Volume 1 Supplement 1

17th International Symposium on Intensive Care and Emergency Medicine

Open Access

New diagnostic peritoneal lavage (DPL) criteria for diagnosing hollow-viscus injuries

  • Y Otomo1,
  • H Henmi1,
  • K Mashiko2,
  • Y Yamamoto2 and
  • T Otsuka2
Critical Care19971(Suppl 1):P074

https://doi.org/10.1186/cc3841

Published: 1 March 1997

As a result of recent advances in radiological diagnostic procedures, traumatic hemoperitoneum is no longer an absolute indication for emergency laparotomy. By determining the site and extent of abdominal solid organ injuries by computed tomography (CT) and ultrasonography, conservative management can be safely adopted if the patient's vital signs are stable. However, radiological diagnosis alone is not definitive for diagnosing hollow viscus injuries as yet.

As the indications for emergency laparotomy change conceptually, the role of DPL is being transformed. For these reasons, we developed new DPL criteria specifically designed to aid in diagnosing intestinal injury. In the present study, we evaluated the effectiveness of our new DPL criteria.

Materials and methods

Until June 1996, we had performed DPL on 250 blunt abdominal trauma cases at our emergency medical center. We used our new entries to calculate diagnostic accuracy.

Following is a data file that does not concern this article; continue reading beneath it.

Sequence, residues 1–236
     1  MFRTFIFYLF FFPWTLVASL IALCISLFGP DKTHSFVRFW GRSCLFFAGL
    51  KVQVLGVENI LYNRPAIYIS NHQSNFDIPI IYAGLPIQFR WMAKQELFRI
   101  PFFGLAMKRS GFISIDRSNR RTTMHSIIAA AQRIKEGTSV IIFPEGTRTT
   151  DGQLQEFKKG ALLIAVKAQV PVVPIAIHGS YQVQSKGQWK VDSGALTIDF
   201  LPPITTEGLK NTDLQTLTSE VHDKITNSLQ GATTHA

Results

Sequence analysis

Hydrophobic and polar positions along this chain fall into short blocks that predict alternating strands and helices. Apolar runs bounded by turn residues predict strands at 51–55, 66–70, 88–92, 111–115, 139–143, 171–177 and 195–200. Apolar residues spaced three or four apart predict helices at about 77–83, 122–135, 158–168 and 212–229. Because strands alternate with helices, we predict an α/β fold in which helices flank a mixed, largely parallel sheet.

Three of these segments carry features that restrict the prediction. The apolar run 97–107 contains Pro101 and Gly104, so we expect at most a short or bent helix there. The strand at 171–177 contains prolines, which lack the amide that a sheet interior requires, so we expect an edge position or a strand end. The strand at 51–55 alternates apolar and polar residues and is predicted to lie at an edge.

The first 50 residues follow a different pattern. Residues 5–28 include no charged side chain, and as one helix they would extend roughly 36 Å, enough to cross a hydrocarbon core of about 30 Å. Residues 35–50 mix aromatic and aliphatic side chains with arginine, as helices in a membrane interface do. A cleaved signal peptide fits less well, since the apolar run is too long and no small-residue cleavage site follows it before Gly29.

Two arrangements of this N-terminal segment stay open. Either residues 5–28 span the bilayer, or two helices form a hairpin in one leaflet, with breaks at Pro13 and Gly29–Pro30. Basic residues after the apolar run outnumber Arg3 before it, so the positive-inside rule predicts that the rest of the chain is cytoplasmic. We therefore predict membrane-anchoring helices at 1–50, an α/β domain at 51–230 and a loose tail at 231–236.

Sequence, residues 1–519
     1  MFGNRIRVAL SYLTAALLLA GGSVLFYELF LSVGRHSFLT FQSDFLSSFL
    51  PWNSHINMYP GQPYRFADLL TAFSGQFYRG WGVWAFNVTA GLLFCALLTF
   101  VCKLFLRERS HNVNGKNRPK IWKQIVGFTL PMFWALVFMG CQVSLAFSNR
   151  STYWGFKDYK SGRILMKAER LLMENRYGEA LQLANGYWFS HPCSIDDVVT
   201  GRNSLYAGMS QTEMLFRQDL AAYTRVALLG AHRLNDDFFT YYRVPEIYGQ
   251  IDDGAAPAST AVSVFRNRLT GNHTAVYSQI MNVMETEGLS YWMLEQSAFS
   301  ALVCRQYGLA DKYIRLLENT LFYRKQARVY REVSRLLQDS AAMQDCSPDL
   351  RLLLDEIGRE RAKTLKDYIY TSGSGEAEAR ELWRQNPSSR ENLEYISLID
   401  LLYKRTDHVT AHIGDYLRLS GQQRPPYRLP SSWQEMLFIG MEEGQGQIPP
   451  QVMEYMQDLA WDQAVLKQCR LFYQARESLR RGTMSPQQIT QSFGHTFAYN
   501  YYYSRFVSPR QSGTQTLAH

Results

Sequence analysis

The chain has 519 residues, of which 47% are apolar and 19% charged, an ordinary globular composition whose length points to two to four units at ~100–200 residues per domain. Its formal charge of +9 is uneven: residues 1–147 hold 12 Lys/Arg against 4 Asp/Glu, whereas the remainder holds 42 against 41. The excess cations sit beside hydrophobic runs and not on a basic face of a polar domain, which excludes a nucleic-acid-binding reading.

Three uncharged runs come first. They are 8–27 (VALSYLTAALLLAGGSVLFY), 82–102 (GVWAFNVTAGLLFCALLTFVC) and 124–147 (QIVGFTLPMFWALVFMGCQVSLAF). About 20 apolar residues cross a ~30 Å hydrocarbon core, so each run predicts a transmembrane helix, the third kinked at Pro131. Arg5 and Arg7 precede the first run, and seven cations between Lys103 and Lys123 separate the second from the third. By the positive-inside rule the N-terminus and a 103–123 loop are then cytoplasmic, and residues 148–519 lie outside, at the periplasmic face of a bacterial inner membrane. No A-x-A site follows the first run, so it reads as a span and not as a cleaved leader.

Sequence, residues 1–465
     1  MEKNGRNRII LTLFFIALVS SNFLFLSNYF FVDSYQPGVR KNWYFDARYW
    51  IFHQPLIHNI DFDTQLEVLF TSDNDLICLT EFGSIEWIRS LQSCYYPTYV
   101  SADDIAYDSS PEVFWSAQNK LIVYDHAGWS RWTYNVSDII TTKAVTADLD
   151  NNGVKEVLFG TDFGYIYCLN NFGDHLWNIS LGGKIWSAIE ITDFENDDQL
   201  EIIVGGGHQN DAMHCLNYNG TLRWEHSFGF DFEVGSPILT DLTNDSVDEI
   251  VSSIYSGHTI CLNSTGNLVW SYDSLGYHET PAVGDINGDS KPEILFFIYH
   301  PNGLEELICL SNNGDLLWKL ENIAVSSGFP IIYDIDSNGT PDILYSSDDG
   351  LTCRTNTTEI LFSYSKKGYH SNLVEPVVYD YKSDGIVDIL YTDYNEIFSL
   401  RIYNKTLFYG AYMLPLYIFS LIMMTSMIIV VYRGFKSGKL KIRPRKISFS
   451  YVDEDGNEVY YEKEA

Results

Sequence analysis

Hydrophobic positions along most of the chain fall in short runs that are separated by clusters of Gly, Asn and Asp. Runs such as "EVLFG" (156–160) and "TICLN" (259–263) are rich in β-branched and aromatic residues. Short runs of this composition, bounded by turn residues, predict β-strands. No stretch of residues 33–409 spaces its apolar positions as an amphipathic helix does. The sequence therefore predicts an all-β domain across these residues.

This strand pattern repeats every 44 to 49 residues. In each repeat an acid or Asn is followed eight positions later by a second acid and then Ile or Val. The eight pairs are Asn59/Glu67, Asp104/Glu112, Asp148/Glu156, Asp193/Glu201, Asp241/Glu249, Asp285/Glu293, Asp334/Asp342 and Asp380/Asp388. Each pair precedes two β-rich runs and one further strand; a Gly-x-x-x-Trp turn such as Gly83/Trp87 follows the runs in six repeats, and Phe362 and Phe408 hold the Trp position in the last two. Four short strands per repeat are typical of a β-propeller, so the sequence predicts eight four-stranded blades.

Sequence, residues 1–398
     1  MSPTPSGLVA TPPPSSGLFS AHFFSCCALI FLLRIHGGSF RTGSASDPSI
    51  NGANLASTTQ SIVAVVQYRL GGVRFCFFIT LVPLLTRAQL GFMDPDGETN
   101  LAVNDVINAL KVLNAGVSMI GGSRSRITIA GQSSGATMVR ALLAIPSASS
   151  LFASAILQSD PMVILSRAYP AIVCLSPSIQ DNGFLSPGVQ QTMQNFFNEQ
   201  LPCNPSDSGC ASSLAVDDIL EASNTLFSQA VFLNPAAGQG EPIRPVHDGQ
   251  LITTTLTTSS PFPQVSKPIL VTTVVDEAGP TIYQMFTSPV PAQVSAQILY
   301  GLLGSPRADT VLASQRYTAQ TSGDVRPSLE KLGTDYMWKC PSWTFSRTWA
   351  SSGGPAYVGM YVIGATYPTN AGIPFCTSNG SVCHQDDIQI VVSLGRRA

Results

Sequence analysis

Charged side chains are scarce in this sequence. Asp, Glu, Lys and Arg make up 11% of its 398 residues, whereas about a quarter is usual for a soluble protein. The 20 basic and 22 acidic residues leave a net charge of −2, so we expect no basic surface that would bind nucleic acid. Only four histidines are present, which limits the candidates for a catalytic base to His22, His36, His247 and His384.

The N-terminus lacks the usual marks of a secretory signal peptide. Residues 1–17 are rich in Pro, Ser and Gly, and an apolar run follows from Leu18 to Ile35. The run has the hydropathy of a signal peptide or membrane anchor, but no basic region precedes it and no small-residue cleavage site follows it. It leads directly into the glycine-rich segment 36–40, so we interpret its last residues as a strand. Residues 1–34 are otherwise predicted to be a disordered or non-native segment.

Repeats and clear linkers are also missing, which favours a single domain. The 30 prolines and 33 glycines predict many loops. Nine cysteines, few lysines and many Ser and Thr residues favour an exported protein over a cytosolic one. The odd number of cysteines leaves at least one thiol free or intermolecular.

Results

Analysis showed that our criteria have a diagnostic sensitivity of 96.6% and specificity of 99.4% for intestinal injury, after exclusion of 57 cases in which DPL was performed within 3 h or 18 h after injury was sustained. In 133 hemoperitoneum cases, emergency laparotomy was performed in only 48; the remaining 85 cases with negative DPL based on the white blood cell count criterion avoided surgery and conservative management resulted in no complications.

Conclusion

Employing our new criteria, DPL can be used to diagnose or exclude intestinal injuries even in the presence of hemoperitoneum.

Authors’ Affiliations

(1)
National Hospital, Tokyo Disaster Medical Center
(2)
Department of Emergency and Critical Care Medicine, Nippon Medical School

Copyright

© BioMed Central Ltd 2001

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